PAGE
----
People never fail to amaze.
From the Washington Post yesterday: James Bogden (who happens to be a public health educator and anti-smoking advocate) has filed suit against four local restaurants - one of which appears to the right - to force the restaurants to go smoke-free. He claims that after suffering a mild heart attack, he cannot be anywhere near second-hand smoke but should not be limited to which restaurants he can patronize. He believes he is protected by the Americans With Disabilities Act.
If I'm understanding this correctly - and I believe I am - the rights of one trumps the rights of many. If I'm a smoker (and I'm not), then my right to smoke should be taken away because this guy says so? Because of his heart condition, my right to smoke is simply cast aside?
How on earth does this make sense?
Look, I'm sorry the guy had a heart attack; I don't wish ill health on anyone. I'm glad to see he's fully recovered and has continued to live and succeed in life. But I fail to see how his condition should impact me.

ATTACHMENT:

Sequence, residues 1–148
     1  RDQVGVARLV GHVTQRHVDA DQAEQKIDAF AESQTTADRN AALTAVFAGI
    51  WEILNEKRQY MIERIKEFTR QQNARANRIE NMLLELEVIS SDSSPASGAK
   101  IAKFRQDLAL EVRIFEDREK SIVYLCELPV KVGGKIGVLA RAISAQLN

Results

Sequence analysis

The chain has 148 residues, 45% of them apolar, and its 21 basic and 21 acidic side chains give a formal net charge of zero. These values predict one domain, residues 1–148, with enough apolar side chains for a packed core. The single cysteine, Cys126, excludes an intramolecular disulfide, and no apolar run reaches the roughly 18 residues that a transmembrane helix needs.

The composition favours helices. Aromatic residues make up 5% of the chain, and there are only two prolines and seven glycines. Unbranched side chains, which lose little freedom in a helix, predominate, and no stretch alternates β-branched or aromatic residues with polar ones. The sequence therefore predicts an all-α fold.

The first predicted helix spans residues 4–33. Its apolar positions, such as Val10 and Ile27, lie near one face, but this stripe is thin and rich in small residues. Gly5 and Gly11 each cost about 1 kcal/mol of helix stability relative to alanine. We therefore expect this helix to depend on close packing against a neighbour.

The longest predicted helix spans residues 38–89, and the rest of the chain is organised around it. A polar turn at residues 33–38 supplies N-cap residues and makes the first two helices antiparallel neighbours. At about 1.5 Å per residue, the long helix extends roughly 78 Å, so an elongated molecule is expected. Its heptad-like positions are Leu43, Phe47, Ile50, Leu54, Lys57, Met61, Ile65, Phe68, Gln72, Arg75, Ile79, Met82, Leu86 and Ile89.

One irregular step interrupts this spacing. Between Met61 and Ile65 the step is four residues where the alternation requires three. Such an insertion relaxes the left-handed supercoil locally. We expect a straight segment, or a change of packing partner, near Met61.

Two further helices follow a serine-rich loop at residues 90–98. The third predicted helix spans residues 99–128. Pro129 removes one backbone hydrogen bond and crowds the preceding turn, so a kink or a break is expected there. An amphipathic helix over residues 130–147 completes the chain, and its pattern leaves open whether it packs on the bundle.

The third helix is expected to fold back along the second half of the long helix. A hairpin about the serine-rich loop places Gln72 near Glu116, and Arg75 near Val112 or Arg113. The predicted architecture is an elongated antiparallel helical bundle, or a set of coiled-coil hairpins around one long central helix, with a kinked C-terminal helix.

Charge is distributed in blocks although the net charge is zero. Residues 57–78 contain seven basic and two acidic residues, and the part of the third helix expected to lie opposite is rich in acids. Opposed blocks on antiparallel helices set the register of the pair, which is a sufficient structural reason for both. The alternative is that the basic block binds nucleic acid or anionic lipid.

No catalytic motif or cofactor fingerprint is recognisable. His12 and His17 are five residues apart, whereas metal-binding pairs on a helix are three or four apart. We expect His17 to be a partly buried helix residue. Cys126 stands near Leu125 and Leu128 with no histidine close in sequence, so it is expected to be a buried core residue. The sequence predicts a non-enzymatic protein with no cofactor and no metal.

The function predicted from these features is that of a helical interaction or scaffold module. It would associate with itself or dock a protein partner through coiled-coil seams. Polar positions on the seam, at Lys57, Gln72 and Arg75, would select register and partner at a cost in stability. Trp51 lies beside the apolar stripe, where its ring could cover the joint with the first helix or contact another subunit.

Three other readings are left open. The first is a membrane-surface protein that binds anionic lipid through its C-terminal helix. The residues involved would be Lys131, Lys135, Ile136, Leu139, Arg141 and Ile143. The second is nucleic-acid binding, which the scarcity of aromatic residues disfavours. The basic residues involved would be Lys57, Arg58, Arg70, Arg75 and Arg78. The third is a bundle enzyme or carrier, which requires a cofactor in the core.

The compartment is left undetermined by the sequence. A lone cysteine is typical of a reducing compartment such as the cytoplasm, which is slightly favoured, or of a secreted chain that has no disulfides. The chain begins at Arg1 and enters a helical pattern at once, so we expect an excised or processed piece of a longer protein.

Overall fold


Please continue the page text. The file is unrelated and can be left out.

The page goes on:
For a moment, imagine he wins. Clyde's goes smoke-free. Maybe Clyde's loses a big chunk of its business and, after some time, is forced to close. If I want to enjoy one of my favorite hangout spots, I'm now driving to Tysons Corner or into the city.
Where, then, is my recourse? Can I litigate against this man for essentially closing one of my favorite restaurants as well?
Things happen in life, not all of them good ones. Sometimes we get a really raw deal. We adjust and we move on.
It seems like such a simple concept.
And hiding behind the ADA is shameful. The law was set up for people whose lives have been impacted by a real, life-changing disability, not a mild heart attack. It's a good law and shouldn't be subjected to such perversion.
Let's call this what it is: One person's attempt to advance his personal ideology; as he steps forward, he tramples others' rights in the process.
Have you no shame, Mr. Bogden? Have you no consideration for how others may want to run their lives? Or is your life the only one that matters?
Hypothetical questions, of course. The answers are clear enough already.